Music legend Aretha Franklin dies without an estate plan

The music legend and "Queen of Soul" Aretha Franklin passed away on August 16 of pancreatic cancer. While this is certainly a blow to music fans in New Jersey and worldwide, it is also blow to her loved ones left behind, in part because Franklin did not have an estate plan at the time of her death.

Because Franklin did not have a will or trust, her estate must be probated. This is a public process. Per state laws of intestate succession, her four sons will receive the proceeds of her estate and will share them equally. This is because if a person has no will or trust and does not have a surviving spouse at the time of his or her death, his or her estate will be shared between his or her children in equal portions.

When can a person's estate bypass administration in New Jersey?

When a loved one dies and was married at the time of his or her death, his or her surviving spouse will be dealing with a lot emotionally. What the surviving spouse may be unprepared for is the time and expense administering the deceased's estate will take. However, if the value of the deceased's estate is small enough and if other elements are met, it may be possible to bypass administration of the estate (probate).

Under New Jersey Statutes ยง3B:10-3, if a person dies intestate (without a will or trust) and the value of his or her real property and personal assets does not exceed $50,000 then the deceased's surviving spouse or domestic partner may receive the assets of the estate without having to go through administration.

Choosing who will fulfill the roles specified in your estate plan

Most people in New Jersey will agree that contemplating their death is anything but pleasant. Nevertheless, by executing an estate plan, you can address the inevitable by dictating who will inherit your assets and what kind of end-of-life care you prefer. However, there are important aspects of estate planning that could have a major impact on how your estate plan will be handled when the time comes.

When executing an estate plan, you must make decisions giving other people the right to act on your behalf, either during your lifetime or upon your death. For example, an agent will need to be selected to make health care decisions on your behalf in an advance medical directive or power of attorney. If you have a trust, you will need to select one or more trustees to administer the trust after you pass on. And, the person responsible for seeing that your will is followed upon your death through probate is known as an executor.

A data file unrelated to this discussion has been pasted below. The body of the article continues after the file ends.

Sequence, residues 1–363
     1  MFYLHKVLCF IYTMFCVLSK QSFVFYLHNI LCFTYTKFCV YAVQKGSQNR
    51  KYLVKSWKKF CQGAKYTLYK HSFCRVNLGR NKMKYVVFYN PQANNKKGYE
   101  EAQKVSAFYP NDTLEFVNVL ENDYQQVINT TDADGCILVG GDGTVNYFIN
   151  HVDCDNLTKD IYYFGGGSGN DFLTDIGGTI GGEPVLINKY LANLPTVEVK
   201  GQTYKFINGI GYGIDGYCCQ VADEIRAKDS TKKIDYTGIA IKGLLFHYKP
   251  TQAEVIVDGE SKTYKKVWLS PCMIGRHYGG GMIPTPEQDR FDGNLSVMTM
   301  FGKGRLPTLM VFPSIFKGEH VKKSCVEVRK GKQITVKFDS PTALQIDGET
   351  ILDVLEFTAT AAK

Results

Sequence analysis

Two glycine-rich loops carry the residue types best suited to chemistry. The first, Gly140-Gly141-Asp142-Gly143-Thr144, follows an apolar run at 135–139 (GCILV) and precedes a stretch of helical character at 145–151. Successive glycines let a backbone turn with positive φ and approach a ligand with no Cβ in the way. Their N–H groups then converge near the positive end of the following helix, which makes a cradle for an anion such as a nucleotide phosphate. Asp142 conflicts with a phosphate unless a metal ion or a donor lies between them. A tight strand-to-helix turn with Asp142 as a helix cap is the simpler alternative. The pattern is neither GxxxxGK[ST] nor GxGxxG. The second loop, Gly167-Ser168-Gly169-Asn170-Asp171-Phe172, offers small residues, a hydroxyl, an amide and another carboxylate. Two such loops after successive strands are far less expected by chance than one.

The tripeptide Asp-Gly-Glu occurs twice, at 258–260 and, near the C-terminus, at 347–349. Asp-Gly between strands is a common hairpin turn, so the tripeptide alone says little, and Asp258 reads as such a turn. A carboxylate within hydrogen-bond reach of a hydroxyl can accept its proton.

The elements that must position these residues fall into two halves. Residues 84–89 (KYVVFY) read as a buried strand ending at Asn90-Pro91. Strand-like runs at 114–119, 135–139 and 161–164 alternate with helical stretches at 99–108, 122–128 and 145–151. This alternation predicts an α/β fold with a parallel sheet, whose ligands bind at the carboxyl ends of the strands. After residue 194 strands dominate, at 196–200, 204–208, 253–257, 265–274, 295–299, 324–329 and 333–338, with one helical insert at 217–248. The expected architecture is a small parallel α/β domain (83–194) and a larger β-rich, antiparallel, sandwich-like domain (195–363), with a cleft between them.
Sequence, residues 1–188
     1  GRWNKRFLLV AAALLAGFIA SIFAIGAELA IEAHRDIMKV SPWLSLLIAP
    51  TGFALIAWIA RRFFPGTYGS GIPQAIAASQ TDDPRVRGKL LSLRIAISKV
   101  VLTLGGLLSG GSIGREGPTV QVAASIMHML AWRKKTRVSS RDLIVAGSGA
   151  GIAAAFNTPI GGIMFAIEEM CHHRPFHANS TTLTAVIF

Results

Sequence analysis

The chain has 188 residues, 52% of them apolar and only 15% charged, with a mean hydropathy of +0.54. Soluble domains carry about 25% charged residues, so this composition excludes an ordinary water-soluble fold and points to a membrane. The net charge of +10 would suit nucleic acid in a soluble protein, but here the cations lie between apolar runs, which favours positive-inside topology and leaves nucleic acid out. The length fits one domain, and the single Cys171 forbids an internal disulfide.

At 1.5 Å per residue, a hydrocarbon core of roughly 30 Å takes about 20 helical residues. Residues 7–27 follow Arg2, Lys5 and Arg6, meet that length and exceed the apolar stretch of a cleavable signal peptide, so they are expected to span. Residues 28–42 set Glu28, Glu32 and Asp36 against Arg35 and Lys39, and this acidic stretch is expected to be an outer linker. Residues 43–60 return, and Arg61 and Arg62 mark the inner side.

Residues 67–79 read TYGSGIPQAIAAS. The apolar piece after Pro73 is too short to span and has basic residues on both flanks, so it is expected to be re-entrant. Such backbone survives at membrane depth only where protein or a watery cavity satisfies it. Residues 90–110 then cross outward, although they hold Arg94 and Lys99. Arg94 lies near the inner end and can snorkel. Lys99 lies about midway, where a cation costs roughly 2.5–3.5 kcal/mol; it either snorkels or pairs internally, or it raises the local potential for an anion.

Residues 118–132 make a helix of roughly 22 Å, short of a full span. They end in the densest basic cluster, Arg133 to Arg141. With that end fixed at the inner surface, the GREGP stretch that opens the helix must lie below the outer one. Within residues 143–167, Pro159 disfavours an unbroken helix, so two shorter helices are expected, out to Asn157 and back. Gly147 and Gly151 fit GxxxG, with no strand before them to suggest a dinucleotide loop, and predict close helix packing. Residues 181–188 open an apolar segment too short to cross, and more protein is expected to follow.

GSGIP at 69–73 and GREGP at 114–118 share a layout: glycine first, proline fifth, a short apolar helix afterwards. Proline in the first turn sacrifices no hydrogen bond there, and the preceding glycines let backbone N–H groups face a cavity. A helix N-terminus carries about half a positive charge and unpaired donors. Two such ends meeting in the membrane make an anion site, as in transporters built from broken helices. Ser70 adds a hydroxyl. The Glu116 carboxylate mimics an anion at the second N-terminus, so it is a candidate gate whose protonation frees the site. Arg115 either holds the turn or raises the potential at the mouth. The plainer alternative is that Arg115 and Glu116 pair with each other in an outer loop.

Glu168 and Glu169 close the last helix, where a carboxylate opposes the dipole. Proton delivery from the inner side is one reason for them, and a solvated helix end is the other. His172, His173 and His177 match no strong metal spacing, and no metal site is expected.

Celebrity death exemplifies benefits of estate planning

Foodies and travelers alike in New Jersey may have been saddened to hear of the death of celebrity television personality, Anthony Bourdain, who rose to fame through his food and travel shows. Sometimes, when we hear of a celebrity death, we also find out that the celebrity lacked a proper estate plan, often leading to disputes and litigation. However, Bourdain did leave an estate plan that highlights what was important to him.

First, Bourdain's estate plan made provisions for his daughter, who will inherit most of his estate, which is worth more than $1 million. In addition, as Bourdain traveled extensively through his work, he earned a significant amount of frequent flyer miles. His estranged wife will inherit these miles, with direction to do with them what she thinks Bourdain would have wanted.

You do not need to handle estate litigation matters alone

Last week this blog discussed will contests and what steps a person in New Jersey must take to contest a will. Will contests are a common type of estate litigation. However, estate litigation can cover a wide variety of issues that people might face when it comes to carrying one out an estate plan after a person's death.

For example, a person's heirs could accuse the executor of the deceased's estate of breaching their fiduciary duty, for example, by stealing estate assets. Another cause of estate litigation is fraudulent real estate transfers. And, not all estate litigation is pursued after a person's death. There could be disputes over who should be the guardian of an incapacitated person or who should be named the executor of a person's estate.

J. Jeffrey Press, P.A.
8 Wood Hollow Road
Plaza Level - Suite 2A
Parsippany, NJ 07054

Phone: 973-323-2654
Fax: 973-288-2070